The United States is not the first country to have problems with voting machines and they won’t be the last.
In fact, both Ireland and the Netherlands banned voting machines over a decade ago after a study found them unreliable. Electronic voting over the internet has also been stopped.
Dominion Voting Systems tried to sell their products to Texas but after examining the machines, they passed, stating the machines were not secure.
Texas denied Dominion certification three times.
Here is what the study of the machines found:
The examiner reports identified multiple hardware and software issues that preclude the Office of the
Texas Secretary of State from determining that the Democracy Suite 5.5-A system satisfies each of
the voting-system requirements set forth in the Texas Election Code.
Specifically, the examiner
reports raise concerns about whether the Democracy Suite 5.5-A system is suitable for its intended
purpose; operates efficiently and accurately; and is safe from fraudulent or unauthorized
manipulation. Therefore, the Democracy Suite 5.5-A system and corresponding hardware devices do
not meet the standards for certification prescribed by Section 122.001 of the Texas Election Code.
The Netherlands did away with voting machines in 2007 as they found them to be inaccurate with many problems attached to them. The information was sent by a private citizen living in the UK to remind us what other countries have found and what actions they took:
I am a reader from the UK and follow events in the USA with a great deal of interest. You may be interested to know that this was a common problem in Europe via Nedap voting machines whereby their security was compromised. Ireland purchased Nedap voting machines and subsequently destroyed them at a cost of £55 million due to security issues. I have attached a document to this email that explains this voting machine security issue that was faced by Europe and Ireland. I hope this information may be useful.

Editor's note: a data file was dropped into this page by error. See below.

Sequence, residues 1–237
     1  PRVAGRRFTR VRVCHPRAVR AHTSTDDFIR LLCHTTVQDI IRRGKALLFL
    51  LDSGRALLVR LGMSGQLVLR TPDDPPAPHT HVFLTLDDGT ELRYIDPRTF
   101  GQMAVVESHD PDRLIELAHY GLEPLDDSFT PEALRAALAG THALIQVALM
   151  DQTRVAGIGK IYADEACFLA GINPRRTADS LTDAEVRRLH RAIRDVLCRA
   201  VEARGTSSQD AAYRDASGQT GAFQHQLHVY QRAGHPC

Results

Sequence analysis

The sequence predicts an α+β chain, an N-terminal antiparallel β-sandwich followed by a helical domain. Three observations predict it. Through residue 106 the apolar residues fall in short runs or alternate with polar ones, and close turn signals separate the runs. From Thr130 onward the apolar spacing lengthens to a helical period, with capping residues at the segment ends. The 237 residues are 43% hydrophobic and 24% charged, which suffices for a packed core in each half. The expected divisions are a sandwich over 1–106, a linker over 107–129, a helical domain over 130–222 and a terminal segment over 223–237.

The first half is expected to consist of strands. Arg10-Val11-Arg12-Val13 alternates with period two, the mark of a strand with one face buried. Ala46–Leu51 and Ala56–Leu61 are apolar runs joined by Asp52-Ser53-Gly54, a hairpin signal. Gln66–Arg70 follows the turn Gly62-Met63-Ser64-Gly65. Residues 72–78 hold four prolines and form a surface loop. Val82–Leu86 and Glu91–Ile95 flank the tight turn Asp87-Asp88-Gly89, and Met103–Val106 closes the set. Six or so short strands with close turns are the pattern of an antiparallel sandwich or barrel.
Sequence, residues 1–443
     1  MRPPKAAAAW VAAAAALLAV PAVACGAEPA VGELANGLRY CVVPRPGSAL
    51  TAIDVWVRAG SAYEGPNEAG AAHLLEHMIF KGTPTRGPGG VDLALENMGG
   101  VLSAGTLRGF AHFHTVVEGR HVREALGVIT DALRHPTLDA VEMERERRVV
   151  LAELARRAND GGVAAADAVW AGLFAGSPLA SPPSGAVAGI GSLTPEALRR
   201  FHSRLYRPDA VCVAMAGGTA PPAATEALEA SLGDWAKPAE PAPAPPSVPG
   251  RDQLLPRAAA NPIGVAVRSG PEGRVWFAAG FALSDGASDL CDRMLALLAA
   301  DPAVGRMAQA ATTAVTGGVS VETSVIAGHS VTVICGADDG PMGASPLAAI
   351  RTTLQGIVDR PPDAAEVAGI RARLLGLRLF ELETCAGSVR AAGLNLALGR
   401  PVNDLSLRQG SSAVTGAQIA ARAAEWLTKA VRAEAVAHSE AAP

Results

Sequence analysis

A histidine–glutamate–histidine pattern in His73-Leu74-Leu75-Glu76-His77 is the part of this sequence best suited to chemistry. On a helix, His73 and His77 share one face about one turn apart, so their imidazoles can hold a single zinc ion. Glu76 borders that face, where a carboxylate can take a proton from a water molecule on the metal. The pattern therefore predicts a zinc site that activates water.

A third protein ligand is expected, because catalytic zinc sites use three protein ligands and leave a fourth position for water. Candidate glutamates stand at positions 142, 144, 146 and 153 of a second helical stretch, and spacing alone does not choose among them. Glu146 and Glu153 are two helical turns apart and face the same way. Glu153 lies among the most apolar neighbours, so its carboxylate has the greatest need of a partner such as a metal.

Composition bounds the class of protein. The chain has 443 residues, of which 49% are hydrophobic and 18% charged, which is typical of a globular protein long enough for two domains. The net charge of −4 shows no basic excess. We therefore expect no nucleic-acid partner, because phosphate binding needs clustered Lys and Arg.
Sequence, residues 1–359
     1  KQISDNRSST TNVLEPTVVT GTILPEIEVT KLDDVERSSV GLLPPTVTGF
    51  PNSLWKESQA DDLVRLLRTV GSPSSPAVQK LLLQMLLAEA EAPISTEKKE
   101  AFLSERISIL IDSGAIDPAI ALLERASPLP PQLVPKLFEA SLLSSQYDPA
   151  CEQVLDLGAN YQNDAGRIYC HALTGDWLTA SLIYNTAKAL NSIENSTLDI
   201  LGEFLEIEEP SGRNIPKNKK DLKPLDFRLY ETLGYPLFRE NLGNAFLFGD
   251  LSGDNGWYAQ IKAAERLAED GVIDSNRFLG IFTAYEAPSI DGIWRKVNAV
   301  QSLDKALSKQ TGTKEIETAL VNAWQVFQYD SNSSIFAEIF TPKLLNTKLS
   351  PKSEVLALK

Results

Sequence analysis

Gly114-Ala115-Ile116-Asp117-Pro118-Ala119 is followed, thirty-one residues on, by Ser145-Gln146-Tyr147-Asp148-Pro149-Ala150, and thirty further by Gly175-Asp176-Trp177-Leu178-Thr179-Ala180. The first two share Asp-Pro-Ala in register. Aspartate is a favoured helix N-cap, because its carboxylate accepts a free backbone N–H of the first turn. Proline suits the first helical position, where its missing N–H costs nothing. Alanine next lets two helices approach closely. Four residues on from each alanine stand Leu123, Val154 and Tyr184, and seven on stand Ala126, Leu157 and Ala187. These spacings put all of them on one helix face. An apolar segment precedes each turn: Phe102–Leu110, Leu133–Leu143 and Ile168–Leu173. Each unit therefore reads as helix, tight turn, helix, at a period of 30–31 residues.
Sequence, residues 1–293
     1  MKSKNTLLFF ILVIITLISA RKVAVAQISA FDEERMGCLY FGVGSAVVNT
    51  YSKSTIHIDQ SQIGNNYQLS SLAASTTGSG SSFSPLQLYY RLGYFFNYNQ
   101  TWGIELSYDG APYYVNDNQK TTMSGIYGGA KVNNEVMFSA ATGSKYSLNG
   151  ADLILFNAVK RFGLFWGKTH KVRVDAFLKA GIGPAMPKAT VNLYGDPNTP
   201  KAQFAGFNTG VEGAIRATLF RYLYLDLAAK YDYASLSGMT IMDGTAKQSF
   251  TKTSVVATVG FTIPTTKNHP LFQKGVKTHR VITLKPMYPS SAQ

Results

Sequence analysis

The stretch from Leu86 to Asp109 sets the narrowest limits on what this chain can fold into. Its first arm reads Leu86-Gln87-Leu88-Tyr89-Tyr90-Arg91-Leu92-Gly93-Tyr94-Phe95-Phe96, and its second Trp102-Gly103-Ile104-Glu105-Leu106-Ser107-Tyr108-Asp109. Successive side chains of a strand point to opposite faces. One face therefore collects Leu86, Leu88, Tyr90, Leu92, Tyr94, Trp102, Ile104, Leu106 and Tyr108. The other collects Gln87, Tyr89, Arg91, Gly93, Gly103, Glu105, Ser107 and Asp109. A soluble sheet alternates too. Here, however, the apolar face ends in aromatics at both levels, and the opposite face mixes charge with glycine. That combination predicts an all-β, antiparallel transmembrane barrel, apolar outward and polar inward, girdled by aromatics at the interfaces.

DECISION TO END ELECTRONIC VOTING
From the report:
The government acted quickly in the wake of the release of the Commissions’ reports. During the press conference in which the Voting with Confidence report was released on September 27, 2007, the State Secretary for the Interior announced that the 1997 Regulation for Approval of Voting Machines would be withdrawn.
“We do not trust voting computers” had filed an administrative law procedure against the approval of NEDAP machines with the District Court of Amsterdam in March 2007. On October 1, 2007, the District Court decertified all NEDAP computers in use in the Netherlands as a result of the judicial procedure. With the approval of SDU voting machines already withdrawn, this decision left no voting machines certified for use in the Netherlands.
On October 21, 2007, the 1997 Regulation for Approval of Voting Machines was officially withdrawn by Parliament, and the Decree of October 19, 1989 was amended, taking out the provisions that gave the minister responsibility for new regulations on approving voting machines. This legislative action removed the possibility to certify any new voting machines.
Ireland canceled e-voting in 2004:
Ireland has canceled the use of electronic voting machines for the upcoming European elections in June after an independent commission said the secrecy and accuracy of the voting could not be guaranteed. The Irish government has spent 40 million euros on voting machines from the Dutch manufacturer Nedap. The Irish opposition demands the resignation of the responsible minister for the Environment and Local Government, Martin Cullen.
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Author: Steven Ahle
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